"The practitioner moves at the pace of her own breath and to her personal edge, or growth point," says Lara Land, a level two certified ashtanga instructor. "Each person memorizes the practice and moves at her own pace through the poses."

Ashtanga vinyasa yoga is usually taught in "led" classes in the West and classes in the initial or the next sequence is taught from beginning to end over a period between 90 minutes and two hours. It is not a music-based class in the ashtanga class.

Who Would Like It:Anyone who likes routine or a more active and spiritually-oriented practice.

Yin Yoga

Yin yoga refers to a slow type of yoga where postures are retained for up to a one minute and can last for the length of five or more minutes. It's a form of yoga that has roots in martial arts and yoga. It's created to improve circulation in joints and increase flexibility. The focus of the practice is on the lower back, hips and thighs. It makes use of props such as blankets, bolsters as well as blocks, to allow gravity work for you and help ease. As other forms of yoga concentrate on the muscles, yin yoga focuses on the connective tissues in the body.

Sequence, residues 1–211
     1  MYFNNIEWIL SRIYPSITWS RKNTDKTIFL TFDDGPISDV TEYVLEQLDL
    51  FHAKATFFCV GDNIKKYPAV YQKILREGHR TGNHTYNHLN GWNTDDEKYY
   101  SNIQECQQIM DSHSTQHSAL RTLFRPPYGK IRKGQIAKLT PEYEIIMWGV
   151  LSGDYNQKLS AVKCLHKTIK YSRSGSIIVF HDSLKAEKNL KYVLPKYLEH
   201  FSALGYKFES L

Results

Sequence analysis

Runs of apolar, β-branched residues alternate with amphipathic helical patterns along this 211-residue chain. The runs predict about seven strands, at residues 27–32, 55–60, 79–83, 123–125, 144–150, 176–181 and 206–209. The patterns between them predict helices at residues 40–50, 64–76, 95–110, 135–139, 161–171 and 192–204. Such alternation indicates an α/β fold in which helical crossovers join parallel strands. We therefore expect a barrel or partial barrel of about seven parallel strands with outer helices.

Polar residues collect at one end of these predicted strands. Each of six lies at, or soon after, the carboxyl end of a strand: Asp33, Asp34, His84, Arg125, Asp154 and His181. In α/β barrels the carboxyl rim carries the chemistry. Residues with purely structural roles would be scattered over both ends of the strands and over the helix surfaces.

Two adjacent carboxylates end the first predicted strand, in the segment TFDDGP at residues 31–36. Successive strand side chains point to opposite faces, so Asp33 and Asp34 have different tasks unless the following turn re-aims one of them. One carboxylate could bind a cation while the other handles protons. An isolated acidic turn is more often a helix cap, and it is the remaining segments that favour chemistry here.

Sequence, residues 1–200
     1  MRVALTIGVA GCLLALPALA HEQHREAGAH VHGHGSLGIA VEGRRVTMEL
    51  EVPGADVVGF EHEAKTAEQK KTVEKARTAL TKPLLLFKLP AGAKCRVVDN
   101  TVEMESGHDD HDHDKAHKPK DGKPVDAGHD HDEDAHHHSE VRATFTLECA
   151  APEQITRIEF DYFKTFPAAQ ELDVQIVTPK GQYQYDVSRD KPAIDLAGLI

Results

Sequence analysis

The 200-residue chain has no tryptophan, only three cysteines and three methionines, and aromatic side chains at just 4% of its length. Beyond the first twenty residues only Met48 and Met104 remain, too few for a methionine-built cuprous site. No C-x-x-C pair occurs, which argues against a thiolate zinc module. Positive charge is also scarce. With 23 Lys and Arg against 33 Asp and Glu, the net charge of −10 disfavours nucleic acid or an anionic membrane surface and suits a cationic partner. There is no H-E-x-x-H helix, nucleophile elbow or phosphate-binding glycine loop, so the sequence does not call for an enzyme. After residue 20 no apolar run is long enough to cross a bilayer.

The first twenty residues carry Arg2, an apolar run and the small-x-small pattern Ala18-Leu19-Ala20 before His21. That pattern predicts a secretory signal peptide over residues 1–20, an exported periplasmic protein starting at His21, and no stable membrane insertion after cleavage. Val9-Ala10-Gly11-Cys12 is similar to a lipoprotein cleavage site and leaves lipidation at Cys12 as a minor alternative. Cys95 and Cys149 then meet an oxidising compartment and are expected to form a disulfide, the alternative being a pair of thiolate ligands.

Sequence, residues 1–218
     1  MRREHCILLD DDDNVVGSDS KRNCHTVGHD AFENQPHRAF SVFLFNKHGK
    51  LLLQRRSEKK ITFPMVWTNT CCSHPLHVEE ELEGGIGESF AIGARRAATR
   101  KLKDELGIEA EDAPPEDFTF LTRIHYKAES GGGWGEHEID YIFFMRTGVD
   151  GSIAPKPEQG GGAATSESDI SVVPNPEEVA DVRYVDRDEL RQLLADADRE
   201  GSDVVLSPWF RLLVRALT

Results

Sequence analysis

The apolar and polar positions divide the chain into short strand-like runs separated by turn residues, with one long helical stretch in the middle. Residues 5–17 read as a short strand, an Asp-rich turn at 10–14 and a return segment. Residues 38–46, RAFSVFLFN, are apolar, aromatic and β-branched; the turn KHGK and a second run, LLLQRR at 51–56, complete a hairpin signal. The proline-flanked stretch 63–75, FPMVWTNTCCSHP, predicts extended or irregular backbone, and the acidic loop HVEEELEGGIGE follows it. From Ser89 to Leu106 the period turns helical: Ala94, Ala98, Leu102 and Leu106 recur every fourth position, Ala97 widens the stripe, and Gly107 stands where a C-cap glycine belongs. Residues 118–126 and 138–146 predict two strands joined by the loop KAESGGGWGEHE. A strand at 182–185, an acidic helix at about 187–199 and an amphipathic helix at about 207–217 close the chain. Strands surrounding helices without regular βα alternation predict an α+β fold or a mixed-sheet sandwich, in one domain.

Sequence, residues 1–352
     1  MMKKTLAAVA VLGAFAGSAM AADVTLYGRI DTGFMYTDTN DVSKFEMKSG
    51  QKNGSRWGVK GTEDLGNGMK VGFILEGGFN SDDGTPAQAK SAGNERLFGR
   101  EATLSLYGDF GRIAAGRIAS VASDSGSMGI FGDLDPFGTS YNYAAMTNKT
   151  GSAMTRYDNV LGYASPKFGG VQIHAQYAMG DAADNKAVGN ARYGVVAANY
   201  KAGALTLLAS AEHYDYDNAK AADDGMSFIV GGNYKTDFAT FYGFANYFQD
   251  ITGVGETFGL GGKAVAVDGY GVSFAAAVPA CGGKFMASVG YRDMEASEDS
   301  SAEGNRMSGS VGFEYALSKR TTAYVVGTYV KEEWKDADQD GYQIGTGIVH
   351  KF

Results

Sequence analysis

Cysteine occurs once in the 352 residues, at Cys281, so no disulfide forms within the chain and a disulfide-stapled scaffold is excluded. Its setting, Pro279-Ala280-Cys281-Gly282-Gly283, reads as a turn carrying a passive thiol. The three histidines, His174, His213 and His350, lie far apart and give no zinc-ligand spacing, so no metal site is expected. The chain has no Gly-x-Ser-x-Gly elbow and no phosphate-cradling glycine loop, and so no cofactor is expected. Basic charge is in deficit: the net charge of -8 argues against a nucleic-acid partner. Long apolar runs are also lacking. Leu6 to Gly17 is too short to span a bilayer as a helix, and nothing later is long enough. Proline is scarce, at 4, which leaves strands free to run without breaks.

Yin can also help in recovery from workouts that are hard. "Adding a deep stretch and holding class like yin can be extremely beneficial to a strong body," says Megan Kearney, an experienced instructor at Yoga Medicine Instructor. The longer time you hold poses benefits the mind and the body, and gives you the opportunity to be still. "This is a beautiful practice that honors stillness," Moore-Tucker says. "This style of practice is a great balance for vinyasa flow."